TORONTO (AP) – Former Boston Bruins star Cam Neely, the late Valeri Kharlamov and Murray Costello were named to the Hockey Hall of Fame on Wednesday.

Neely and Kharlamov, a former Russian superstar who died in 1981, will enter in the players category. Costello, former president of the Canadian Hockey Association, goes in as a builder, or someone who contributed to the advancement of the game.

Among those eligible not selected for induction were Glenn Anderson, Steve Larmer, Dino Ciccarelli, Kevin Lowe and Doug Wilson.

Neely, a hard-hitting, sharp-shooting power forward, was drafted in 1983 by Vancouver. He played 13 seasons – three in Vancouver and his last 10 in Boston – and scored 50 or more goals three times.

His career was cut short by health problems that began with a thigh injury in the 1991 Eastern Conference finals.

“I can’t quite fathom yet what this means,” Neely said. “Being in the Hall with all the other great players is quite an honor.”

With the 2004-05 season lost to a lockout, he gave Boston fans a reminder of some of the better times in hockey’s history in the city.

“Hockey’s really taken a beating,” Neely said. “This is a nice way, especially locally maybe, of getting people talking about hockey again.”

He played in a total of just 22 games in the 1991-92 and 1992-93 seasons and made an amazing comeback during the 1993-94 season, reaching 50 goals in his 44th game – third-fastest in NHL history.

He retired in 1996 because of chronic hip problems and the Bruins retired his No. 8 jersey in 2004.

“Power forwards before Cam were guys who were powerful who didn’t necessarily score,” Bruins general manager Mike O’Connell said. “He was a power forward who could score. He defined it (the position).

“It was a shame that we didn’t get to see more of him, but we got the best.”

Neely said he didn’t give a lot of thought to his prospects for being formally named one of hockey’s all-time greats.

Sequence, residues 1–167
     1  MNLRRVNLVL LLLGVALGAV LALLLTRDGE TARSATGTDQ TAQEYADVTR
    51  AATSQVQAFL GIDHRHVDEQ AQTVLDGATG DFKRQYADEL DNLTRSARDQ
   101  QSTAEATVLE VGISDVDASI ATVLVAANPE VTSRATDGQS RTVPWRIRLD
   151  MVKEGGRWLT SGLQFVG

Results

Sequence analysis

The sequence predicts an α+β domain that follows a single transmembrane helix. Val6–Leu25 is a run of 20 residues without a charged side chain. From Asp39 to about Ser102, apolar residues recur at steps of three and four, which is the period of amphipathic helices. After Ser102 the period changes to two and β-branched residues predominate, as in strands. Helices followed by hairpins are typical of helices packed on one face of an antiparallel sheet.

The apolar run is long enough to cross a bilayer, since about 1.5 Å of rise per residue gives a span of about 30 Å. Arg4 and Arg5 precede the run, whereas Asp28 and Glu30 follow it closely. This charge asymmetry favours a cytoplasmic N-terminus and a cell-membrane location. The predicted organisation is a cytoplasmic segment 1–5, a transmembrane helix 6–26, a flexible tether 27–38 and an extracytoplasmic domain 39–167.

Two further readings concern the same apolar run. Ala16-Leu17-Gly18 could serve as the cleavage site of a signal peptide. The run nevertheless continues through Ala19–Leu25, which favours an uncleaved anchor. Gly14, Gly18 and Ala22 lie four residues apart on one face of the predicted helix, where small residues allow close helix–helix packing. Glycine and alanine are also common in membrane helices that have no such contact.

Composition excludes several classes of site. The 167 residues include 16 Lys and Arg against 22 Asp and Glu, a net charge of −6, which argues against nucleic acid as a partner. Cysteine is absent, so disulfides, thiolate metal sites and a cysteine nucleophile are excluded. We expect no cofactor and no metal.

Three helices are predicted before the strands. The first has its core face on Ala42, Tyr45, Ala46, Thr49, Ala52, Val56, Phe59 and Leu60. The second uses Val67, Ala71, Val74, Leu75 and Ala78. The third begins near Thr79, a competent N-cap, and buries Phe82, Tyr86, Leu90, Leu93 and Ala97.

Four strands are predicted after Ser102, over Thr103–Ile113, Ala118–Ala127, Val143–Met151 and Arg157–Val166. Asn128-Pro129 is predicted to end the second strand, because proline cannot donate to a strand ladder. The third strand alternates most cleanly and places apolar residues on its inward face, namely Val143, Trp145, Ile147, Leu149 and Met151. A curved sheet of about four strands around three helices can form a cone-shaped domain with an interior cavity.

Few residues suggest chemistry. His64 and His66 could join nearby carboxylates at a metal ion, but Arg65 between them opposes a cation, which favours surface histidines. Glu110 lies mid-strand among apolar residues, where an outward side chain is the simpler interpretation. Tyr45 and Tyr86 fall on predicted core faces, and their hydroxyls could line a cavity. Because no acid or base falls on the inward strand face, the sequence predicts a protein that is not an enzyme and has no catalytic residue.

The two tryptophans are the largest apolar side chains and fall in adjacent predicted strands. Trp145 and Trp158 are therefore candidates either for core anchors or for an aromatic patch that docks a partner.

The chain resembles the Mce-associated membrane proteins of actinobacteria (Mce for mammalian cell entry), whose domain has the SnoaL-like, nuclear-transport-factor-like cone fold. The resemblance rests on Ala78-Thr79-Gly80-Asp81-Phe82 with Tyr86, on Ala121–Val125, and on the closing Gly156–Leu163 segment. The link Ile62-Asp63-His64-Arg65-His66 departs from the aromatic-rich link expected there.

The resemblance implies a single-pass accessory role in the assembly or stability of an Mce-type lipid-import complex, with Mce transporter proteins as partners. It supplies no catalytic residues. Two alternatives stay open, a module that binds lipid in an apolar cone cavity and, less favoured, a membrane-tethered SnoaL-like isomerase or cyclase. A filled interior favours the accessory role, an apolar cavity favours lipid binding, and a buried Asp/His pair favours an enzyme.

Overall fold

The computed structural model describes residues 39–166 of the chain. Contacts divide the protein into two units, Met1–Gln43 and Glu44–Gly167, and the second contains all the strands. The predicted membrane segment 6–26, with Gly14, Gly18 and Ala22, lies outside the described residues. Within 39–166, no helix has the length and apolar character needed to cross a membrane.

“I learned a long time ago if you can’t control things, there’s no need to waste time thinking and worrying about it,” he said. Everything I have today is from the game of hockey.”

Kharlamov was killed in an auto accident and never got the chance to play in North America. Speedy, smart and crafty, he became known in North America during the 1972 series between the Soviets and Canada. In Game 6, he had his ankle broken by Canadian Bobby Clarke, also a Hall of Famer.

“Thank you to everybody who selected my father,” Kharlamov’s son, Alexander, said from Moscow. “I can’t believe it.”

A former NHL player, Costello made his greatest contributions to the sport after he retired. He finished law school and joined the Canadian Hockey Association, serving as president for 19 years. Costello also was a member of the Hall of Fame’s selection committee and board of directors and was an active member of the International Ice Hockey Federation.

“I never envisioned it would end up like this,” he said from his Ottawa home. “To see myself among the people in that Hall is difficult to comprehend.”

The induction ceremony is scheduled for Nov. 7.



AP Sports Writer Howard Ulman in Boston contributed to this report.

AP-ES-06-08-05 1931EDT


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